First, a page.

Sharp Drop in Pharmacy School Enrollment Drives ETSU to Seek Solution | WJHL


JOHNSON CITY, Tenn. (WJHL) — Enrollment at East Tennessee State University’s Gatton College of Pharmacy has fallen steadily over the past two years, and an administrator expressed concern during a finance meeting on Wednesday.

ETSU Chief Financial Officer BJ King reviewed the budget data at a meeting of the Board’s Finance and Administration Committee which also included a decision to leave tuition and fees undergraduate 2022-23 at the same rate as this year.

After going through ETSU’s main budget and those of the College of Medicine and Family Medicine (ETSU Physicians), all with increases, King arrived at the pharmacy school budget. The college is self-sufficient, having been licensed by the state on the condition that it operates essentially as a private entity.

After starting the current fiscal year with a base budget of $9.6 million, the projection for 2022-23 is $8.3 million. Education, by far the biggest item, goes from $6.5 million to $5.8 million.

“We’re writing the revenue budget for next year based on declining enrollment,” King said.

“We talked about … the tuition impacts for the college versus the other public college in the state of Tennessee for pharmacy, so that has a bit of an impact. We hope this will be rectified in the future.

King was referring to a decision several years ago that allowed the public school of pharmacy in Memphis to offer in-state classes to students from outside Tennessee.

Data provided by ETSU on Wednesday afternoon showed that after years of steady enrollment, the number of students at Gatton has fallen over the past two years – from 315 in 2019 to 281 in 2020 and then from 281 to 259 this school year.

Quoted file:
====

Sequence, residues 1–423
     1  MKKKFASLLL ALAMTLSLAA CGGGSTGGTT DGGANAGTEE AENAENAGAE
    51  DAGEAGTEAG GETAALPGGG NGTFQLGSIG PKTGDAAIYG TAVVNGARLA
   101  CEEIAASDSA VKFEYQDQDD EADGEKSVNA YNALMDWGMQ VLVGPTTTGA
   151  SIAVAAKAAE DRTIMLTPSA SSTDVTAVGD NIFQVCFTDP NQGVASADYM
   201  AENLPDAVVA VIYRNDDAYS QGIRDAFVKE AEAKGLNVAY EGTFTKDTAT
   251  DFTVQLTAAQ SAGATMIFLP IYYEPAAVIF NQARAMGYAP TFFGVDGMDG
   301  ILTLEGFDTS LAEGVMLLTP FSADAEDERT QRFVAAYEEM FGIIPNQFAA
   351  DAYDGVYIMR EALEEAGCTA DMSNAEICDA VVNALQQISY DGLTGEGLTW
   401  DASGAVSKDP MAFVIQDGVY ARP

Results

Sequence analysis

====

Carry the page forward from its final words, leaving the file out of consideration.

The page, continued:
“Most expense categories experience a corresponding reduction with declining income,” King said. She said a handful of faculty positions that were vacant are being eliminated for the time being, reducing the school’s faculty complement from 35 to 30.

“It’s consistent with declining enrollment but…there has been no faculty turnover.”

Administrator Steve DeCarlo, who chairs the finance committee, expressed concern near the end of the short meeting.

“I continue to worry about the College of Pharmacy, I know you do too, but the downsides really seem to show up more and more in the numbers,” DeCarlo said.

ETSU President Brian Noland said the administration is doing everything it can to try to convince the state to provide additional assistance.

“Mr. Speaker, we continue to work with members of our legislative delegation to highlight the importance that funding Gatton could have not only on the bottom line, but more importantly on affordability for students,” said Noland: “I hope to be able to provide further updates to our board at our April meeting.”

Reached by phone after the meeting, State Rep. David Hawk (R-Greeneville) said his colleague Gary Hicks of Hawkins County, chairman of the House Budget Subcommittee, had introduced a budget amendment that would provide public funds to bridge the tuition gap between Memphis and ETSU.

“I support a solution to this problem,” Hawk said, adding that it would likely cost several million dollars.


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